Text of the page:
Elbert Hubbard is quoted as saying, “Never explain – your friends do not need it and your enemies will not believe you anyway.” I agree with the root of this. Do I have enemies? If I do I’m not too concerned with what they think anyway. I agree with refraining from too much explanation.
With art, one is encouraged, and often required, to write an Artist Statement. Statements are a way for an artist to provide a little explanation for their motives. This can be a good thing. It is a way for the viewer to find an entrance into the work. For example, an artist chooses to heavily use the color orange in their work. One can see orange over and over and the viewer’s eye is drawn to it. Why orange? An artist statement can provide a bit of an explanation why. “I use orange as a symbol of my grandmother. She made a bright orange quilt for me when I was six years old and since then I’ve associated this color with her memory.” Etc.
With that explanation, I, the viewer, get a way into the work. I had a grandmother who quilted too…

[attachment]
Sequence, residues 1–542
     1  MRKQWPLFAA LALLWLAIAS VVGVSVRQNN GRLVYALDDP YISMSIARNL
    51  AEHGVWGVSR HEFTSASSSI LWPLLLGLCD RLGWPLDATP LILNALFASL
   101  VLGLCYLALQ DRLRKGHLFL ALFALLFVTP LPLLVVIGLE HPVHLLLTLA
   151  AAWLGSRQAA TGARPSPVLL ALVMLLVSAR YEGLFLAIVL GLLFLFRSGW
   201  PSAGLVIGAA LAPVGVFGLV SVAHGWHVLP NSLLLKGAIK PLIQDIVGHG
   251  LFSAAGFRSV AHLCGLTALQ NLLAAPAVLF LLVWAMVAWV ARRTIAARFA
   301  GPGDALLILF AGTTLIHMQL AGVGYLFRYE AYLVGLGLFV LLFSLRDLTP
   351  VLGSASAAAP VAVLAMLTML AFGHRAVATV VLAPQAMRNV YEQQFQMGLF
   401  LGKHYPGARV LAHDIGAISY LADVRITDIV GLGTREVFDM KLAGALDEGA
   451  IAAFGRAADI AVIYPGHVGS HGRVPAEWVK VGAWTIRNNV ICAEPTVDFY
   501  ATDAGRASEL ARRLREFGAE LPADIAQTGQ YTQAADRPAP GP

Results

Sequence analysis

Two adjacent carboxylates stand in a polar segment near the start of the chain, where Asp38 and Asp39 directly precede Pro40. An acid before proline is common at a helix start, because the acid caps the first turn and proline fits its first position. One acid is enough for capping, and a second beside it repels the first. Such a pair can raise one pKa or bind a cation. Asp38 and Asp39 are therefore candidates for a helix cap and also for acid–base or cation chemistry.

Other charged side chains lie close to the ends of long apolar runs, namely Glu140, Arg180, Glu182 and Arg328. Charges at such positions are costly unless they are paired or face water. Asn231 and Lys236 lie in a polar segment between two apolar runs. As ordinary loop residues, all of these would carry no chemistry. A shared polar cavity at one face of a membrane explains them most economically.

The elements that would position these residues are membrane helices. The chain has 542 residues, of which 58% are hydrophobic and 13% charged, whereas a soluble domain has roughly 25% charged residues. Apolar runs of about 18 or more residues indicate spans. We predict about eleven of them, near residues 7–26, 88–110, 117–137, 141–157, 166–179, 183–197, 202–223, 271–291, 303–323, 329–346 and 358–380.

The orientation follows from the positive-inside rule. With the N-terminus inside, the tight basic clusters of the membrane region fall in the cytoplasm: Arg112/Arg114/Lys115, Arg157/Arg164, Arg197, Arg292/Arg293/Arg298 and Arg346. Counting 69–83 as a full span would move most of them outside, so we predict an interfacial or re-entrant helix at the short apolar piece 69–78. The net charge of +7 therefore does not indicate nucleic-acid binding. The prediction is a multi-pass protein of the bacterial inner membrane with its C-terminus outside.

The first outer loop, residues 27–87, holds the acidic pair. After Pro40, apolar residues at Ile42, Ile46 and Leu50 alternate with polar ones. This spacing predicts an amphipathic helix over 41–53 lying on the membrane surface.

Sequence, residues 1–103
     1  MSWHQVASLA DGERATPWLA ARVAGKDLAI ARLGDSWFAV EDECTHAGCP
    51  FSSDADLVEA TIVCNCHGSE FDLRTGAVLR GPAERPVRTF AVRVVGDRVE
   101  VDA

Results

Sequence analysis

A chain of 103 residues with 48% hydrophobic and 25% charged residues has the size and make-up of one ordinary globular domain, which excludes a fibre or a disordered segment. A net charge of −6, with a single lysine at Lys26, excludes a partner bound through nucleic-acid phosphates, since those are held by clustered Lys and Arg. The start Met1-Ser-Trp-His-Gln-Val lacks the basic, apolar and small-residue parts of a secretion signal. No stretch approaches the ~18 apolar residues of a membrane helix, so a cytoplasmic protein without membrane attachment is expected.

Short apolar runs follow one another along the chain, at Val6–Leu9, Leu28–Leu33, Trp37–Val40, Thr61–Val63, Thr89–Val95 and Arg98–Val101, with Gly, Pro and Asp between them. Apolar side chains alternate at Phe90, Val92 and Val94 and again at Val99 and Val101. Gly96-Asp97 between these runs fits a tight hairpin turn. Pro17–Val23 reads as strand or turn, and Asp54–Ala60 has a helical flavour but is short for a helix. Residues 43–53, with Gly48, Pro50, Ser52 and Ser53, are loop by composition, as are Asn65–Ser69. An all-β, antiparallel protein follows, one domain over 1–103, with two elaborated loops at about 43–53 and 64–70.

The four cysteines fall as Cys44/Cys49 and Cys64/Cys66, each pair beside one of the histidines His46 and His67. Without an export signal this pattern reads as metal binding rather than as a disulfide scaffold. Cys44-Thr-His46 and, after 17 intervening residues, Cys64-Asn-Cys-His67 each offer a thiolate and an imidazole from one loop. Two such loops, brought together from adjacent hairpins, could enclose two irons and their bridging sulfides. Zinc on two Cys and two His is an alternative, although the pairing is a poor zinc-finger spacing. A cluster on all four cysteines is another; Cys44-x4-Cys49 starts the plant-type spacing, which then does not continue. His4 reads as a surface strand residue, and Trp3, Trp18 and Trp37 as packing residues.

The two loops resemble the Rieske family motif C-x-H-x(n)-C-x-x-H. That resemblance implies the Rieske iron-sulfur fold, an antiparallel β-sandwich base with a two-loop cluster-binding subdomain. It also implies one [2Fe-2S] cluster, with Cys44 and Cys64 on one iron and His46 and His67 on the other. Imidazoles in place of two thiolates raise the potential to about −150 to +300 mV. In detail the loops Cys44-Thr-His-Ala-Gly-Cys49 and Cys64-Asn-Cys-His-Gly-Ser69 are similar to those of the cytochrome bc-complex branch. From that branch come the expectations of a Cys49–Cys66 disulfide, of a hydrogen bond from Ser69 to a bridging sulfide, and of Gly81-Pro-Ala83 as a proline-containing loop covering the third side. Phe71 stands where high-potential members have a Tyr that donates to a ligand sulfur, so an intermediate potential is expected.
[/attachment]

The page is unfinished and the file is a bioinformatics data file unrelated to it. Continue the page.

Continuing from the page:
In school, we were required to attend the weekly critiques. Put your work up and take the comments from students and instructors. Learning experience. Sometimes painful. Within this process one learns to defend ones choices. “Why orange?” they ask. One learns to anticipate the questions and have answers at the ready.
I love process. When I made prints, I loved the process of inking the plates, dampening the paper, turning the handle on the etching press. Step-by-step. Lather, Rinse, Repeat.
And clay is the same. Many sequential steps to achieve a desired outcome.
Critiques became part of the process. An offshoot of putting work in front of an audience.
I learned quickly that during the critique process I needed to talk about the work I had done – not the work I intended to do. Only take comments on the work that had already happened.
Making the work was my way to describe the idea I was attempting to communicate. If I had words to describe my intentions, I wouldn’t need to created the art. Using words to describe an idea confused the issue. My classmates and instructors created different images in their heads. Show not tell was the unofficial rule.
Never explain. Mostly.